colleen grottoSpiritual and material food. In last week’s Gospel, Jesus fed the hungry crowd with the miracle of the loaves and fishes. In this week’s Gospel, he tells his followers that he is the answer to their spiritual hunger. We follow in Jesus’ footsteps through the Community Service Ministry at St. Dominic’s Church. At the Lima Center, our guests come in hungry and are fed by Pablito’s oatmeal and nurtured by Carol’s kind and dedicated service. The Lima Center community of guests, many of whom are homeless, parish volunteers, and staff begin each day with the offerings of food and friendship—to feed both material and spiritual hunger.

So too, the families who seek our assistance with food, rent or utilities. Through your generosity, we are able to help these families meet their material needs. That is not all that happens in our meetings however. I tell the families that this assistance is a gift of this parish and then they know that they are not alone. Through the caring of this parish, they are connected to community—to this spiritual home.

Parish members carry this mission of feeding spiritual and material hunger both inside and outside the parish via the many other outreach activities of Community Service:

  • Grief & Consolation Ministry
  • Detention Ministry
  • Eucharist Ministry to Catholics in any of the 6 Convalescent Hospitals and CPMC
  • The Sandwich Program in which parish members prepare bag lunches for those in transitional housing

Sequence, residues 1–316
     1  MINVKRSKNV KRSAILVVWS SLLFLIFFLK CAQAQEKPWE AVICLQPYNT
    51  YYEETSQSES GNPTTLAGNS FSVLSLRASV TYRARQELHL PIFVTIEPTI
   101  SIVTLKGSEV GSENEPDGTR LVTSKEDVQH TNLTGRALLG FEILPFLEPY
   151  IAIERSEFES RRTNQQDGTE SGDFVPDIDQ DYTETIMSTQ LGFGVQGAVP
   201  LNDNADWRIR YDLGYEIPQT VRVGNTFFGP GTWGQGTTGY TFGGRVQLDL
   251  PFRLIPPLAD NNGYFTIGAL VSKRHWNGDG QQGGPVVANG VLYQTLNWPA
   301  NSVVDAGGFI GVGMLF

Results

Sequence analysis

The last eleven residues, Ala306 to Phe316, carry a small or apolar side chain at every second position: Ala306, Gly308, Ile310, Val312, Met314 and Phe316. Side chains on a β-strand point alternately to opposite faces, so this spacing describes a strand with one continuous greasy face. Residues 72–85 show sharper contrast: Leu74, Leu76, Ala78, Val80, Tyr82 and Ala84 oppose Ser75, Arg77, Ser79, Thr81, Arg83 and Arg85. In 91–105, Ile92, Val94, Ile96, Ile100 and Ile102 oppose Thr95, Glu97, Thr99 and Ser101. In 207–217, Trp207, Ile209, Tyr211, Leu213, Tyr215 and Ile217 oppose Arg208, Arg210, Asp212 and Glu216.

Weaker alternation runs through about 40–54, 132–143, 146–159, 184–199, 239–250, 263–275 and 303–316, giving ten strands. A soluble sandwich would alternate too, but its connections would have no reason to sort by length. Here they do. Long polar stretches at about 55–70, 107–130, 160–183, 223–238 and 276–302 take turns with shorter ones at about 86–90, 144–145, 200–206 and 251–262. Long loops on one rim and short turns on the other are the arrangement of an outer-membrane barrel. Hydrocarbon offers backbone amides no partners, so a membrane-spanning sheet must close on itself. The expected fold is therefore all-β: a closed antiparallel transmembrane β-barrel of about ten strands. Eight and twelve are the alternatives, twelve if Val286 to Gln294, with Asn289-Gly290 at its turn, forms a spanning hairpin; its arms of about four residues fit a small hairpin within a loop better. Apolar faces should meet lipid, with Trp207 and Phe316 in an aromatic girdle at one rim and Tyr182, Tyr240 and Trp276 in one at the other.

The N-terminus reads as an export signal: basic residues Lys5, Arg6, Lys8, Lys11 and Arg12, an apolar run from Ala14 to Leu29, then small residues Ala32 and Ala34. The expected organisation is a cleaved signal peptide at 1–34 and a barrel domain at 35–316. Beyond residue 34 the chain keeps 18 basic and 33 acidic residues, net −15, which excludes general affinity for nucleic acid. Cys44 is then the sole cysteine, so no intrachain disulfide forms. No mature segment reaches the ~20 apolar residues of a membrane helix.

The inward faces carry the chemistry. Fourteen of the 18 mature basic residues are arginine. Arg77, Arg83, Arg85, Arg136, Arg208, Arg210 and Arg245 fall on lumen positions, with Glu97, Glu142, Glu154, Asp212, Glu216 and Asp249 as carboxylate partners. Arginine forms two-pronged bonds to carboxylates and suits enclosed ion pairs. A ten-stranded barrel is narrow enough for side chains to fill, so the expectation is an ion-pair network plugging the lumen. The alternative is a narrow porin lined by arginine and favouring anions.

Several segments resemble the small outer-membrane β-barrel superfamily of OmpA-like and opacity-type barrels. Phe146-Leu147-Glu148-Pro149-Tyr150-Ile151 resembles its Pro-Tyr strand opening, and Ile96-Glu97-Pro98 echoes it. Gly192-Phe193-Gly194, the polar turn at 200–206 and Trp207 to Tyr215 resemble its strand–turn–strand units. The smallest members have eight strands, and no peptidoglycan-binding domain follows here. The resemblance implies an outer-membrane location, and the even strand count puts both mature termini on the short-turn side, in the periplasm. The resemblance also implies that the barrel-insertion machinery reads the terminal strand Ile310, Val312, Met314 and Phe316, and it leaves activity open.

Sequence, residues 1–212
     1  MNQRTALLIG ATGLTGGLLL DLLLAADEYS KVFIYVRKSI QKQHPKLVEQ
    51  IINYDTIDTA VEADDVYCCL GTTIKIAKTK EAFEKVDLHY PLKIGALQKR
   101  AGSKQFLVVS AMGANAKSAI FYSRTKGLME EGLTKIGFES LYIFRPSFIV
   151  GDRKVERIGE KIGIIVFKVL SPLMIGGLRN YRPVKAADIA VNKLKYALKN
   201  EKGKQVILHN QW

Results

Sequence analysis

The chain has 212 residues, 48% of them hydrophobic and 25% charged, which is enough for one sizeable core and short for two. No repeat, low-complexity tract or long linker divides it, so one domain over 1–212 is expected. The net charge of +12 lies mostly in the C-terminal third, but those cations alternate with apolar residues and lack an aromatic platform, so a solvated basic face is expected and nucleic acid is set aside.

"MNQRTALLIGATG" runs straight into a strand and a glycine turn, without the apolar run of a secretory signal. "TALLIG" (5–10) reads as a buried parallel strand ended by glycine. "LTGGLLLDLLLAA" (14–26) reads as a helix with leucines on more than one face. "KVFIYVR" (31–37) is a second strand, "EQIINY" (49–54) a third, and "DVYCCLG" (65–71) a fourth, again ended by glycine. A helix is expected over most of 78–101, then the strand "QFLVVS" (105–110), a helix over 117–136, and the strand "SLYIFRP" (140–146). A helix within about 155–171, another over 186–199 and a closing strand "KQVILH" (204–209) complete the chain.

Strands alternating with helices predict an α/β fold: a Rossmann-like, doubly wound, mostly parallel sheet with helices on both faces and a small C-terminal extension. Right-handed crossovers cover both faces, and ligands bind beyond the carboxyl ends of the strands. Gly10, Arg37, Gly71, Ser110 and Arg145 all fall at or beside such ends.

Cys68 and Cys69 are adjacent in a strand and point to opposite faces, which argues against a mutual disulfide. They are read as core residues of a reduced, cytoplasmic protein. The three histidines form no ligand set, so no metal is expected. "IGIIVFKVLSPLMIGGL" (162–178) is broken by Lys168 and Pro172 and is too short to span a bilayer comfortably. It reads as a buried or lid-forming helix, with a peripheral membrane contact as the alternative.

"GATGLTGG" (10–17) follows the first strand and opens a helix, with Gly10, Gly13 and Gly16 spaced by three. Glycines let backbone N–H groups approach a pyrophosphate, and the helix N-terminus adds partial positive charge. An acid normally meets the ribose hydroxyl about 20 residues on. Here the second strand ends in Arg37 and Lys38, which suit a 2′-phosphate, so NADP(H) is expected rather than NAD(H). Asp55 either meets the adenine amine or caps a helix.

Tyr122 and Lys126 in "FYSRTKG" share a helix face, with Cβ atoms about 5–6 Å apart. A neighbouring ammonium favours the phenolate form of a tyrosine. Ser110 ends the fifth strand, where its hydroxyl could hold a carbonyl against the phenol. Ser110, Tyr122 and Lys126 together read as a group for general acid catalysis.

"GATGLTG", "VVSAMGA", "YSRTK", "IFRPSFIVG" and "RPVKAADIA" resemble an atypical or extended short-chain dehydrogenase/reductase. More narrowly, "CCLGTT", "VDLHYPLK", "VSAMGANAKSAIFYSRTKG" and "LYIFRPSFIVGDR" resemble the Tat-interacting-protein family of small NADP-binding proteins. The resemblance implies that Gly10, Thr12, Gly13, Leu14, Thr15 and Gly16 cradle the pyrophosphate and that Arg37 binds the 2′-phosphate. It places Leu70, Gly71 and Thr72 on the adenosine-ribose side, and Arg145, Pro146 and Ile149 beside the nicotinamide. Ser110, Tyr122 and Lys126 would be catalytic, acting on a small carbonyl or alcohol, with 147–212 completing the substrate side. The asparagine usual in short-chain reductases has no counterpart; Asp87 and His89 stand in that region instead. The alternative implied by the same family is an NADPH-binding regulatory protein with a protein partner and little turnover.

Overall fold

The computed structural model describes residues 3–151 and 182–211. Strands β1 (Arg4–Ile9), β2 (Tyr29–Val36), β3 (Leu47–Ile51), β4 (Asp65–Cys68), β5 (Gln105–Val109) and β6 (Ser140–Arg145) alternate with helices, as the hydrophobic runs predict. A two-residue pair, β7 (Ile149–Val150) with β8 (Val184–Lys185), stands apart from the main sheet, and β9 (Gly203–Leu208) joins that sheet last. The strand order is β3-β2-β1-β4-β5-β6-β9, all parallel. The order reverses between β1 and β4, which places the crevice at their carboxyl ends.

• Second Spring shares of food and friendship
  • The Social Justice Committee offers opportunities to learn about and engage in justice activities.


193This model of Church where spiritual and material needs are met has always been how I experience my baptismal call. I believe that we are called to community and I am so grateful to be a part of so many blessed communities—Lima Center, St. Dominic’s Parish, my beloved Dominican Sisters of San Rafael, and the wider Dominican Family. Growing up, I was nurtured in my concern for all members of our Church and neighborhoods. My mother worked in public health and my father in vocational rehabilitation—they provided vital services to those most in need in various communities and talked about how we as citizens and Catholics should work to alleviate poverty and suffering through direct service and by our work to change unjust systems. These beliefs brought me to ministry on college campuses and to justice education which, in turn, led me to Doctoral Studies in Adult Education in which I focused on justice work in poor communities.

How have you been fed in your life? Did a family member, mentor, teacher or priest encourage you and support you on your path? Who are you called to feed this week? A child? Co-worker? Friend? Remember that we are called to live out both Gospels—to feed both hungers. We must listen deeply to how God is inviting us. Today, I invite you to join me in praying for all our neighbors and parish members who do not have enough resources. Let us continue to share both material and spiritual food—to follow the Way of Jesus and the apostles.


I would like to invite you to two more opportunities to consider how to address spiritual and material hunger:

  • On August 15, we celebrate the Tenth Anniversary of the Lima Center. If you have given any donations throughout the year of at Christmas or volunteered at any time in the past 10 years, please come and celebrate.
  • On August 13, join the Hunger Banquet: 65% of children in our public schools receive free or subsidized lunches, but only about half of these kids receive food assistance in the summer. Come to the Hunger Banquet to learn more about hunger. Proceeds benefit the Lima Center.

~ Sr. Colleen McDermott, O.P.

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